We sat together in the sun-dappled courtyard of a magnificent Spanish colonial building, once a residence and now the headquarters of the Cuban Women’s Federation. Everyone who filtered through the garden waved and Lizette, in turn, attached an endearment to her responses: “Hello, my love!” “How are you, dear heart?”
Lizette Vila is all soul, a woman with the energy, personality — and the courage — to communicate her feelings and ideas despite the restrictions of stressful economic and political times. Along with being an award-winning documentary producer, Lizette produces a regular television interview program. With typical candor, Lizette tells us Cuban television is “a disaster” — a bare-bones operation because TV is not a high priority.
But despite the difficulties, Lizette knows this is the best way she can communicate her message: all women are stars. “Te lo Cuentan las Estrellas” (The Stars Will Tell You) is the name of her show, where any Cuban woman might be featured — from the outstanding artist Zaida Del Rio to Amelia Valdes, a cane cutter from Camagüey.
Lizette’s show “set” is comprised of two chairs on the porch of one of Cuba’s old marble mansions — and one mini-cam. Her cameraman is very overqualified. She describes with great respect his work covering wars and political events all over Central and South America.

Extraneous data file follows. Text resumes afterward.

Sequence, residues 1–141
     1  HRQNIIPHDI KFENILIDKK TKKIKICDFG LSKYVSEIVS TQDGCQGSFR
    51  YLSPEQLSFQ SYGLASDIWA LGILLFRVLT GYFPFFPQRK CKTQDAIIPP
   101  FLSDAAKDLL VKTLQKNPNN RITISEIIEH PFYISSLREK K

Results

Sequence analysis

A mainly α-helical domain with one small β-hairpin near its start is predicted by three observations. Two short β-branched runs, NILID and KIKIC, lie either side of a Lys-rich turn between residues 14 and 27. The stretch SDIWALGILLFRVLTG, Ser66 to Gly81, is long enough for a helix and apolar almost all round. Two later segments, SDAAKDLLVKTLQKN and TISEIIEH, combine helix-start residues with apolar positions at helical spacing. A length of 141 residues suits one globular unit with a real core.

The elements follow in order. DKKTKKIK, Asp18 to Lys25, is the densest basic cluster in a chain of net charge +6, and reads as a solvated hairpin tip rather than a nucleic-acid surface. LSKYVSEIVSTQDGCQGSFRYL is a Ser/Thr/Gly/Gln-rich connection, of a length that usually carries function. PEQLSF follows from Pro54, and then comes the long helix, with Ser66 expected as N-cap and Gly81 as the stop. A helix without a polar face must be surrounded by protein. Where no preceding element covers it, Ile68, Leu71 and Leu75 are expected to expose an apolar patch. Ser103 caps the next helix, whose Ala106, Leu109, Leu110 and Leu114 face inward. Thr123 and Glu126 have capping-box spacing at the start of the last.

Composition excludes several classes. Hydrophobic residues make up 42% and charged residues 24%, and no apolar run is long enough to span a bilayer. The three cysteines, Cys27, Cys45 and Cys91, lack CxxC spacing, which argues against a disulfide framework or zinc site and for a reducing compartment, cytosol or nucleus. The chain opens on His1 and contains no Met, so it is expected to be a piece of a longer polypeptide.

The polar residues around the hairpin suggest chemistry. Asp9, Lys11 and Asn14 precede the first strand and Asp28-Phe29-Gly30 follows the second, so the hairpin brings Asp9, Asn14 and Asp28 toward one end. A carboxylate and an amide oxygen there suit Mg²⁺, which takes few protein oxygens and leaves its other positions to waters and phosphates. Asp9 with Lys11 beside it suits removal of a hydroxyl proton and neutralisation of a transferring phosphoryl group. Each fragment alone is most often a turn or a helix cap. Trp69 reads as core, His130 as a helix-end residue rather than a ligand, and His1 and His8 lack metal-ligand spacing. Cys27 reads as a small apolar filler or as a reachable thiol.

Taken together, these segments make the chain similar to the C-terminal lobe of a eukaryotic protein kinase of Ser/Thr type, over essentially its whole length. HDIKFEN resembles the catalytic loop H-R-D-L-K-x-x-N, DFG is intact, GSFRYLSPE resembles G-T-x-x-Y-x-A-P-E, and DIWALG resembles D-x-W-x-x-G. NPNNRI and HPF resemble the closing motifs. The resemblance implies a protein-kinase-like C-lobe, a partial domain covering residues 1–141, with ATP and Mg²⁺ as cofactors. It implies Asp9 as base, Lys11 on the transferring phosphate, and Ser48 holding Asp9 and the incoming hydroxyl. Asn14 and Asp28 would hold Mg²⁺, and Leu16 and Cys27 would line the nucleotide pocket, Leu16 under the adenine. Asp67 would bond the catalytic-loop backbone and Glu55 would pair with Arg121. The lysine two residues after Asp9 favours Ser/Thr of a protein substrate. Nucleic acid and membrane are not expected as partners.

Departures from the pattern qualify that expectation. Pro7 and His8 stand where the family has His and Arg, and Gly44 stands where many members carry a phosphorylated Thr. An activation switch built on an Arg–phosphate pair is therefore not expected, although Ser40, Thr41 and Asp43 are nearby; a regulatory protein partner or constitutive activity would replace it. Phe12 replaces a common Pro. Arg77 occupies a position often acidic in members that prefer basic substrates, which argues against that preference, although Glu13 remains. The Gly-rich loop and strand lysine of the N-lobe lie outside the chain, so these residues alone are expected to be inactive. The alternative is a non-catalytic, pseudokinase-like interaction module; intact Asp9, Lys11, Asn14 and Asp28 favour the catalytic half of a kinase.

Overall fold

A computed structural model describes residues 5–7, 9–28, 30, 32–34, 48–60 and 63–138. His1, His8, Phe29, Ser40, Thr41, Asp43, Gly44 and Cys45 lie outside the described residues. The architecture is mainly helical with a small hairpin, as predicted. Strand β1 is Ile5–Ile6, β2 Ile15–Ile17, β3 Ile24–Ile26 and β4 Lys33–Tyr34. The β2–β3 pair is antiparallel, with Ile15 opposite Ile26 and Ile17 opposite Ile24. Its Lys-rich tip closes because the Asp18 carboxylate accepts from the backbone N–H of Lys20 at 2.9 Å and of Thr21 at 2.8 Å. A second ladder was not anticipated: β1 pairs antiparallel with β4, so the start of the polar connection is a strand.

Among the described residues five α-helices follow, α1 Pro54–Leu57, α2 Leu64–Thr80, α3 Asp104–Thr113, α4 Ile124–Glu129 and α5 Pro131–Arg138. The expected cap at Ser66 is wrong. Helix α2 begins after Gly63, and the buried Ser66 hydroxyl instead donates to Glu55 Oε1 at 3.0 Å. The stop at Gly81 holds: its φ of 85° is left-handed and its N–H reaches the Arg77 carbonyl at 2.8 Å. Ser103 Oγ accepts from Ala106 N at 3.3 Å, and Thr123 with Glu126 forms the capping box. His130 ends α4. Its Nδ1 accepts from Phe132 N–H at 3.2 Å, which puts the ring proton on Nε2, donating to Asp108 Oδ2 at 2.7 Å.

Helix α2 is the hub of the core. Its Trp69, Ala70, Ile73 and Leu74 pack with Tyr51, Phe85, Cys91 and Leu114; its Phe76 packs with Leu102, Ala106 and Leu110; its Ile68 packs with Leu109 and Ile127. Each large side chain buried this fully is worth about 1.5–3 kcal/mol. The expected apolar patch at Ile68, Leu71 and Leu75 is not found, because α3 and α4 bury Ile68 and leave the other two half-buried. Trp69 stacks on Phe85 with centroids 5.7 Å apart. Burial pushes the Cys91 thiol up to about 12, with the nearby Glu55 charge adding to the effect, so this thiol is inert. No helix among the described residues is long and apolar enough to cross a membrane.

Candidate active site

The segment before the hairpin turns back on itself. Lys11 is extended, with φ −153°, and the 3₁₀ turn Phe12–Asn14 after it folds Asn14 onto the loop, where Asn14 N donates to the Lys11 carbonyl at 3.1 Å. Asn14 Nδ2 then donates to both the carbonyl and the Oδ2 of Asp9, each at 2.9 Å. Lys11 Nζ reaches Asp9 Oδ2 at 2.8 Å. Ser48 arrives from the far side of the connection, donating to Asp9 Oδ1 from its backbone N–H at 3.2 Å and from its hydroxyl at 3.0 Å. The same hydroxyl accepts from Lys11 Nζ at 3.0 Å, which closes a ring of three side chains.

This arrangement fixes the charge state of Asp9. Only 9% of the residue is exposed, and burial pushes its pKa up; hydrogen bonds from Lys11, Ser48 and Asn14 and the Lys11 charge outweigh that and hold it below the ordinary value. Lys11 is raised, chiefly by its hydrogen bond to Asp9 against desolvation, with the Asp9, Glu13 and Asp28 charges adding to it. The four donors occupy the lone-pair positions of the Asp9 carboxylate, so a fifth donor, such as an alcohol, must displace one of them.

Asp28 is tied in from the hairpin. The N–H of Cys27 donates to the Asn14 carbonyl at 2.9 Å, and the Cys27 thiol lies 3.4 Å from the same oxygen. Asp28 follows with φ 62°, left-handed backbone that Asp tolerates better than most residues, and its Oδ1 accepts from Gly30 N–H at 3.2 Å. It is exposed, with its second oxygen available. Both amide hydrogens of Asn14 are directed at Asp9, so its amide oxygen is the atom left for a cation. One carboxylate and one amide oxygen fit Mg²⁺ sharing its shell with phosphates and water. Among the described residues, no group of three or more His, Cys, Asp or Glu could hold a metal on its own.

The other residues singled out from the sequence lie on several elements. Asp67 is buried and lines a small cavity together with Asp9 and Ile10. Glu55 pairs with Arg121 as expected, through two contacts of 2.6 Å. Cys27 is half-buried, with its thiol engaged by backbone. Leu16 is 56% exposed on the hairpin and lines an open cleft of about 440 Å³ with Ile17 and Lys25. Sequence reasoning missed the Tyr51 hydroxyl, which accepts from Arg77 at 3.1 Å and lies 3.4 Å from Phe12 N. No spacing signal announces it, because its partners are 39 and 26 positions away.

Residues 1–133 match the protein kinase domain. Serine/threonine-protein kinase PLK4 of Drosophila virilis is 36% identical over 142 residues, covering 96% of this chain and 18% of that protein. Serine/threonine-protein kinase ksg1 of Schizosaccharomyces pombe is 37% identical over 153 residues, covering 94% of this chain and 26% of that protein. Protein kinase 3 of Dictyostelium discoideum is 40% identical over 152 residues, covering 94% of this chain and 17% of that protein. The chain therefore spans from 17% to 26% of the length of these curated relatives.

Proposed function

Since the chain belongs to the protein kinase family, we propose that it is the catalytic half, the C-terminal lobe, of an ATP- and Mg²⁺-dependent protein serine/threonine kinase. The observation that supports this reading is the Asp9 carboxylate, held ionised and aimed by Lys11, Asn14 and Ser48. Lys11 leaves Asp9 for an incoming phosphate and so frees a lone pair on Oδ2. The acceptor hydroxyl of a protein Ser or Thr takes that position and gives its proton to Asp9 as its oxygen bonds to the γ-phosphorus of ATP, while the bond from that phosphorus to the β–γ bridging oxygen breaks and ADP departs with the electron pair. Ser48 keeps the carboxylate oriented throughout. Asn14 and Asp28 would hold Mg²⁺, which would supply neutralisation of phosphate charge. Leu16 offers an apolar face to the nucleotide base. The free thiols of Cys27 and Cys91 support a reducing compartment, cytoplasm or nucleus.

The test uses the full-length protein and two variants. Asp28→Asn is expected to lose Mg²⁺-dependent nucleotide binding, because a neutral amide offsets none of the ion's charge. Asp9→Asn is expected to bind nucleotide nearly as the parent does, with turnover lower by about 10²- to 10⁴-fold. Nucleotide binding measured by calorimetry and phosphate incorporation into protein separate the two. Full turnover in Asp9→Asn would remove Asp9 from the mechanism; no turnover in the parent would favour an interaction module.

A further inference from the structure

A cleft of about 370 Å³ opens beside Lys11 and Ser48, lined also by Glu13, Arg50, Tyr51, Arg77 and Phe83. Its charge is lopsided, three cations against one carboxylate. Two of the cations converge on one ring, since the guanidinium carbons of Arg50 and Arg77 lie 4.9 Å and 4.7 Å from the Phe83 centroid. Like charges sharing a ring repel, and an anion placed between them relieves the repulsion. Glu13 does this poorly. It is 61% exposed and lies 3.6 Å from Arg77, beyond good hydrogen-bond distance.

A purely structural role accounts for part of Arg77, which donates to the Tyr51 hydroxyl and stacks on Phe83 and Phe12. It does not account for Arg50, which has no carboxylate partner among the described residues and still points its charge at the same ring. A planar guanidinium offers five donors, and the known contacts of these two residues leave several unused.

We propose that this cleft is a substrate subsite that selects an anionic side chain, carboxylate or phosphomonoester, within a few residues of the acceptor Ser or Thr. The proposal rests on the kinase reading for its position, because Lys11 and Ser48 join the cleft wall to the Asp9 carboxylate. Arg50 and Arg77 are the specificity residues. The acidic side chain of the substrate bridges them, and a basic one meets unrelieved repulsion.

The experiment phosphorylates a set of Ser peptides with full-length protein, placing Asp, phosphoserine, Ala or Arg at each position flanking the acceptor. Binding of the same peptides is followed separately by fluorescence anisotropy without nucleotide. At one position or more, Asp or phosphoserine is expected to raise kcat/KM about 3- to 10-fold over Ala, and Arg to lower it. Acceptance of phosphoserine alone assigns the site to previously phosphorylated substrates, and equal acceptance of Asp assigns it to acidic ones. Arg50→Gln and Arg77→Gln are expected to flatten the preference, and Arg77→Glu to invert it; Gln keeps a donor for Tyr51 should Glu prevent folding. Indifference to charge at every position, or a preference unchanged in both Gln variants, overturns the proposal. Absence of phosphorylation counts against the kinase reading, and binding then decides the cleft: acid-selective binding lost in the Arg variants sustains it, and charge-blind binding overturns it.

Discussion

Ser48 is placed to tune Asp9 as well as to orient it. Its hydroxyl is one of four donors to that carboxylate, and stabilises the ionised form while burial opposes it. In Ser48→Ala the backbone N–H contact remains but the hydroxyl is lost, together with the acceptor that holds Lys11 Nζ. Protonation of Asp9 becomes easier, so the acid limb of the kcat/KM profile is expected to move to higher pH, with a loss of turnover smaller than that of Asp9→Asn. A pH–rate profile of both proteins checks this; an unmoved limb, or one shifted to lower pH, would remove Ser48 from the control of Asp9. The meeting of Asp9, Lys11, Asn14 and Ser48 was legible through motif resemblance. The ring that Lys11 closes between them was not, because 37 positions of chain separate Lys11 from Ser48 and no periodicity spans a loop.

Lizette is president of the Cuban Association of Cine, Radio and Television. She teaches workshops, judges film festivals all over the world, and represented her country at the International Women’s Conference in Beijing.
Her awards include the Cathedral Prize on the International Catholic Organization of film (O.C.I.C.) for her work, “Changing Lives”; the Ibero/American Prize in Ethics; the Women and Image Prize of Ecuador; the 26th of July Prize: and second prize at the Festival of Trieste for her documentary, “And Female is My Soul.”
From the Interview:
“I wanted to create an environment in which she was the star — the center of attention and the illuminator of her surroundings. I feel so happy because there is a sector of the Cuban audience that has accepted the show, and its concept, with warmth. It has served to give that light to those women who already had it, but no one saw it.”
“Humor is what has made us cope all these years. My God! The way we laugh about things! Cuban men and women live in terms of comedy, in those elements of laughter and sadness, and they complement each other.”
"Humor is what has made us cope all these years. My God! The way we laugh about things! Cuban men and women live in terms of comedy, in those elements of laughter and sadness, and they complement each other.”
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